Scientific studies over the years have shown that regular moderate consumption of beer may have health benefits for adults. Although beer consumption has beneficial effects, consumption must be moderate and complement other healthy lifestyle habits. On the other hand, heavy consumption is not beneficial and only has adverse effects. Moderate consumption is defined as no more than two drinks for men and one drink for women per day. This information was provided by Prof. Arne Astrup (MD, DMSc) from the University of Copenhagen at an event organised by the Federation of the Brewing and Soft Drinks Industry.
The health benefits follow a J curve: those who consume beer or other alcoholic beverages in moderate quantities have a lower risk of several major common diseases than abstainers and heavy consumers. Moderate consumption has been linked to lower mortality, as regular and moderate beer consumption may lower the risk for cardiovascular diseases and type 2 diabetes, and may prevent dementia.
“It’s often thought that alcoholic beverages increase the risk for type 2 diabetes, but the truth is that one or two alcoholic drinks per day may in fact reduce this risk. Moderate beer consumption may also have a positive effect on life expectancy in general, as those who consume a moderate amount of beer have lower mortality from cardiovascular diseases than abstainers,” says Professor Astrup, Head of the Department of Nutrition, Exercise and Sports at the University of Copenhagen.
Beer is a versatile beverage with a low alcohol content that is brewed from natural ingredients: water, malts, hops and yeast. Only part of the health benefits of beer are due to alcohol.
“Beer also has positive health benefits particularly thanks to its ingredients and brewing process. Beer is a source of B vitamins, minerals, polyphenols and fibre,” says Astrup.
Although some of the health benefits of beer are due to alcohol, both non-alcoholic and low-alcohol (ABV <2.8%) beers also provide plenty of health benefits. Non-alcoholic and low-alcohol beers are particularly suitable for hydrating after sports. Non-alcoholic beer may also have a favourable effect on quality of sleep, stress reduction and cardiovascular diseases, but more research is still required.
Moderate beer consumption is not responsible for the beer belly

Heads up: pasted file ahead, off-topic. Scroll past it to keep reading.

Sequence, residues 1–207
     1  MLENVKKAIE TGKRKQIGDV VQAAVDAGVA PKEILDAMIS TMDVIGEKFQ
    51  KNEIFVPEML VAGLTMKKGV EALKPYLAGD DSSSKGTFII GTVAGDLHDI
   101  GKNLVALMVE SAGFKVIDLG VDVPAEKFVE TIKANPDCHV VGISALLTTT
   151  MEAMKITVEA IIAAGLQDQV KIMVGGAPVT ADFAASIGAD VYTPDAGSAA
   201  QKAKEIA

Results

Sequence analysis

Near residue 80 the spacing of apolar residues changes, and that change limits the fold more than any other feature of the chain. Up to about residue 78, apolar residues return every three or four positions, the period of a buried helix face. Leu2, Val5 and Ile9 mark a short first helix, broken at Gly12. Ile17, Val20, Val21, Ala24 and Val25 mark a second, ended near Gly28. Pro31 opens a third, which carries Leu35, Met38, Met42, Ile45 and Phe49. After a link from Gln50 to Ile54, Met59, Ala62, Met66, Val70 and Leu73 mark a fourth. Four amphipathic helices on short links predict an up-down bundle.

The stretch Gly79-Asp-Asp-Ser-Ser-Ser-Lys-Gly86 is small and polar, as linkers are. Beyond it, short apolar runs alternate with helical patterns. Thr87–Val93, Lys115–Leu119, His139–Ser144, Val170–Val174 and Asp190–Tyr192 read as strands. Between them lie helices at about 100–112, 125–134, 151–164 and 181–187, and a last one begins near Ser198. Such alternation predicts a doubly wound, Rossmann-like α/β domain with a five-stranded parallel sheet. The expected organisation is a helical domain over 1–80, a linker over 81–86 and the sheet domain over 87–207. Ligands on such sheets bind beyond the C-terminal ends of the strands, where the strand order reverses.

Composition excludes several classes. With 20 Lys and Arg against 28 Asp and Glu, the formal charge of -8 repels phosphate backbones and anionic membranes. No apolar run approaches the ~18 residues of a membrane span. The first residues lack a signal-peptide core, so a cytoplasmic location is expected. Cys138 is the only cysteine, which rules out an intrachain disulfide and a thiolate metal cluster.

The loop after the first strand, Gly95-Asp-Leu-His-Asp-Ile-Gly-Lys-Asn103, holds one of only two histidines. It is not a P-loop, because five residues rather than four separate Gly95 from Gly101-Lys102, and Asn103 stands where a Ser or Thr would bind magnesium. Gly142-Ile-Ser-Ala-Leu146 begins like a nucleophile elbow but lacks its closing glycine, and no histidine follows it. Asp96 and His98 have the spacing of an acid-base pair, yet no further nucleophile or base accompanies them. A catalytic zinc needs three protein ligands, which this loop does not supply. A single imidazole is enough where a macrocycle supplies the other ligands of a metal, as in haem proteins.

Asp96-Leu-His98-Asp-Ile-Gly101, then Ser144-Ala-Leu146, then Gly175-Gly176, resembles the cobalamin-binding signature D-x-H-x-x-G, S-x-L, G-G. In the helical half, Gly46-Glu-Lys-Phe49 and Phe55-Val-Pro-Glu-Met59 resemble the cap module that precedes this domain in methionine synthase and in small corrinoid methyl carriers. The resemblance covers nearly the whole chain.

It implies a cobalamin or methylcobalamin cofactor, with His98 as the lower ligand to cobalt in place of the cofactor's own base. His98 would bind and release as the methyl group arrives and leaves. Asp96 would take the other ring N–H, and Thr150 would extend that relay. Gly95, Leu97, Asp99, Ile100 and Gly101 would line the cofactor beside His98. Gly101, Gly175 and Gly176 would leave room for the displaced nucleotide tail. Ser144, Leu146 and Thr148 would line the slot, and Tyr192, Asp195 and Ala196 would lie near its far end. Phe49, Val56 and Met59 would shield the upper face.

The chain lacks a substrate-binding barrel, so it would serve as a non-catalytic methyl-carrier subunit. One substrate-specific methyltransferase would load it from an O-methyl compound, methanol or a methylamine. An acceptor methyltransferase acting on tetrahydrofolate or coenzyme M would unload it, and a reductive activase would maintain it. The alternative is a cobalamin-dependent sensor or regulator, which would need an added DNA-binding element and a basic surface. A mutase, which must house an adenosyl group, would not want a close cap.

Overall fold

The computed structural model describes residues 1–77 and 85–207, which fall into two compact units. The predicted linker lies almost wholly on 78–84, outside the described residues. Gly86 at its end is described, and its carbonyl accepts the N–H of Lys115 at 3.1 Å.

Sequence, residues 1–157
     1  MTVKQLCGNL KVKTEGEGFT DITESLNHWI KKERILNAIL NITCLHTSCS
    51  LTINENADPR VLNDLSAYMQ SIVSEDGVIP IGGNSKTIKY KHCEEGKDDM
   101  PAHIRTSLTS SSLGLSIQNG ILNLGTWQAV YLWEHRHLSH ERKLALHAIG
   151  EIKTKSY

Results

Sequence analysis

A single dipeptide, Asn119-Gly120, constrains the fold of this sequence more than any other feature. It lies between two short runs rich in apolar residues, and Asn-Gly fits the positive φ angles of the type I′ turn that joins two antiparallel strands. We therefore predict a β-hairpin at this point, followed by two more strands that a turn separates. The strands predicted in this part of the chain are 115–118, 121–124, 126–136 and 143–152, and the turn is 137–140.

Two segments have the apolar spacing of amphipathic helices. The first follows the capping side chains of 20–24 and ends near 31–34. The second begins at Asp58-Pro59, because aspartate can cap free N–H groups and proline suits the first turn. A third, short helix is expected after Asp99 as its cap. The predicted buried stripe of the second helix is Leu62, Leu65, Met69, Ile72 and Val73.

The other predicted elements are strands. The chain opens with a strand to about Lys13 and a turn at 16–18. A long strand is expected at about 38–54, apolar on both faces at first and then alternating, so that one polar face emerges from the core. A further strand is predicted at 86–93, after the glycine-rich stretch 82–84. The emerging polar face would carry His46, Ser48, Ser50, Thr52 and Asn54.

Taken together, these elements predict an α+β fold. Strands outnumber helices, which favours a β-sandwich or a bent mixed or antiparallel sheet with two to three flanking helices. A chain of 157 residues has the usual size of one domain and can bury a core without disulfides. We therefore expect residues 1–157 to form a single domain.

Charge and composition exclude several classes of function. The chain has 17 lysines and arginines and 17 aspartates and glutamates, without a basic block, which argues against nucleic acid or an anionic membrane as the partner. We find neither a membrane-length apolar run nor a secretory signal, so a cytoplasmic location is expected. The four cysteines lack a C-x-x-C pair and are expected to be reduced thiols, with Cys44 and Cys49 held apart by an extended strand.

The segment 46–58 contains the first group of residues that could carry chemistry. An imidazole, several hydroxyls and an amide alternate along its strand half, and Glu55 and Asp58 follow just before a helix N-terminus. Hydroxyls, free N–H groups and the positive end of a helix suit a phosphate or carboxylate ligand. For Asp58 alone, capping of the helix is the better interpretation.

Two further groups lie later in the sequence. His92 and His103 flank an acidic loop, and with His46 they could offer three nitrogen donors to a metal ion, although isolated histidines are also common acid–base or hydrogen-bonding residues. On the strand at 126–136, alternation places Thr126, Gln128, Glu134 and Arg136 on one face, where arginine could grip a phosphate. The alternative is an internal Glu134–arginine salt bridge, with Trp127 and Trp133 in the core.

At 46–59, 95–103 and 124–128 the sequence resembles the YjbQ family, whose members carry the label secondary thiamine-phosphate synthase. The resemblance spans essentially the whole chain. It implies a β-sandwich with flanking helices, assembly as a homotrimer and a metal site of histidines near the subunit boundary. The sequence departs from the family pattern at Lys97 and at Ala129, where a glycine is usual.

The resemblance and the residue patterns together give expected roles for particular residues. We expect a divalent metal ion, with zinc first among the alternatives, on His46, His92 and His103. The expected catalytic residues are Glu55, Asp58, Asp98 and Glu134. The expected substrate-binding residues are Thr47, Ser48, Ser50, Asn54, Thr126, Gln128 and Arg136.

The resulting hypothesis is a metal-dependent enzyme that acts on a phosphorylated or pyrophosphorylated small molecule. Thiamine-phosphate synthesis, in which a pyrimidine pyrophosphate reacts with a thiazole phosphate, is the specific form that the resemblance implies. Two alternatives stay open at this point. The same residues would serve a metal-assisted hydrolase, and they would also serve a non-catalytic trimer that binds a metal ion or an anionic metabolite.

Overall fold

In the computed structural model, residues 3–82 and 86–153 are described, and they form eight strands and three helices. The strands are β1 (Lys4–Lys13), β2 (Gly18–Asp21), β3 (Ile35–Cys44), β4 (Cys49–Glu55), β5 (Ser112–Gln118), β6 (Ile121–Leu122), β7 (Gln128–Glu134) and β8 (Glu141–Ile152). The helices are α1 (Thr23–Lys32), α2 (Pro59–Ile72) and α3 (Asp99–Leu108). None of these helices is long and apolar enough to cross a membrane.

It’s often thought that alcoholic beverages – and beer in particular – are fattening. Although it is true that beer and other alcoholic beverages contain calories, moderate alcohol consumption as part of a healthy lifestyle has not been linked to weight gain. Beer is a mild alcoholic beverage that is low in calories, and non-alcoholic alternatives are available.
“There is no scientific evidence that moderate beer consumption would lead to a so-called beer belly. Studies show that eating and general lifestyle habits, such as lack of exercise, play a major role in weight gain among beer drinkers, and not beer in itself. A balanced and varied diet and an active lifestyle will keep you in shape. Smoking, on the other hand, together with lack of exercise, are factors strongly linked to the beer belly,” says Astrup.
Weight gain has primarily been linked to the consumption of large quantities of beer and other alcoholic beverages. If you consume more calories than you burn, your weight will rise – whether these calories come from fat, alcohol or carbohydrates.
Alcohol is not suitable for everyone or for every situation. For persons who do not wish to consume alcohol, non-alcoholic beer is a good alternative. Alcohol is for adults and is not suitable for those who are underage. Also, alcohol should be avoided by those who are in traffic or pregnant, for instance, and before sports. All alcoholic beverages may increase the risk of certain kinds of cancer.
University of Copenhagen
Professor Arne Astrup (MD, DMSc), tel. +45 2143 3302
Federation of the Brewing and Soft Drinks Industry
Managing Director Elina Ussa, tel. +358 (0)45 269 7711
Communications Manager Outi Heikkinen, tel. +358 (0)50 370 8677
The Federation of the Brewing and Soft Drinks Industry promotes the interests of producers of beer, cider, long drinks, soft drinks and mineral waters in Finland. Its members are Captol Invest Oy, Oy Hartwall Ab, Olvi Oyj, Red Bull Finland Oy, Saimaan Juomatehdas, and Oy Sinebrychoff Ab. The Federation of the Brewing and Soft Drinks Industry operates in connection with the Finnish Food and Drink Industries Federation and represents Finland’s fourth largest industry in the food and drink branch in terms of the value of production.